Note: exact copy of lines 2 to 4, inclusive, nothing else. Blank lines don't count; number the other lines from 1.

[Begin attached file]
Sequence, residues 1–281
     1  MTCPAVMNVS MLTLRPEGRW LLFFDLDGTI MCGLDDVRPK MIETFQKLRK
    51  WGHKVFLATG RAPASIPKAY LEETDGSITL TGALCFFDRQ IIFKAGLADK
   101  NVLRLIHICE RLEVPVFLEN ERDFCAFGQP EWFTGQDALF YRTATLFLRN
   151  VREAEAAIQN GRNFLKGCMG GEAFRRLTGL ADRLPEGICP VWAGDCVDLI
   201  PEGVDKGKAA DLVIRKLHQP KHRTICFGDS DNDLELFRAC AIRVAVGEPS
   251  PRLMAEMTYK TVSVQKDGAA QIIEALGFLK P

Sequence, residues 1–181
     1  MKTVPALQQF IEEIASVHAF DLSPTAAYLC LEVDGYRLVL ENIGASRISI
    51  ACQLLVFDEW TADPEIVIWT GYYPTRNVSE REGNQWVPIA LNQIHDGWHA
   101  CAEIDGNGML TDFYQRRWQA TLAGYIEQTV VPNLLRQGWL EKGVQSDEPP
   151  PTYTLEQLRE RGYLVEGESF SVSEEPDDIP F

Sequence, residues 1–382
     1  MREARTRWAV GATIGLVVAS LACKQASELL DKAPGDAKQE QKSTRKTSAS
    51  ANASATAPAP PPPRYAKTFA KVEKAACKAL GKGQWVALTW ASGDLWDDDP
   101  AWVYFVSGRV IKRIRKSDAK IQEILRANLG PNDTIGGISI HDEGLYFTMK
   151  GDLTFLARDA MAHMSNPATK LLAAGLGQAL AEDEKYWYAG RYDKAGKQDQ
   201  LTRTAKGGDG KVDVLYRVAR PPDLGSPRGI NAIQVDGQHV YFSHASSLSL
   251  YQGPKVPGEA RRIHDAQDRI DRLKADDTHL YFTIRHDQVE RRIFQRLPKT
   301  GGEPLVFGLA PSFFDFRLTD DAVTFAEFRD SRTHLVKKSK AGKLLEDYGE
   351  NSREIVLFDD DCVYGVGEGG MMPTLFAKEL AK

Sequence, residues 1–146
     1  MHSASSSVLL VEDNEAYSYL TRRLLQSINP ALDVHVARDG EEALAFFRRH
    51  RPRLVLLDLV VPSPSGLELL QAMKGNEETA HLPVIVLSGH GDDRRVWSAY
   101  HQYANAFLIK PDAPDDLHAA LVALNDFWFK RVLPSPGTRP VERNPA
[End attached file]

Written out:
     1  MTCPAVMNVS MLTLRPEGRW LLFFDLDGTI MCGLDDVRPK MIETFQKLRK
    51  WGHKVFLATG RAPASIPKAY LEETDGSITL TGALCFFDRQ IIFKAGLADK
   101  NVLRLIHICE RLEVPVFLEN ERDFCAFGQP EWFTGQDALF YRTATLFLRN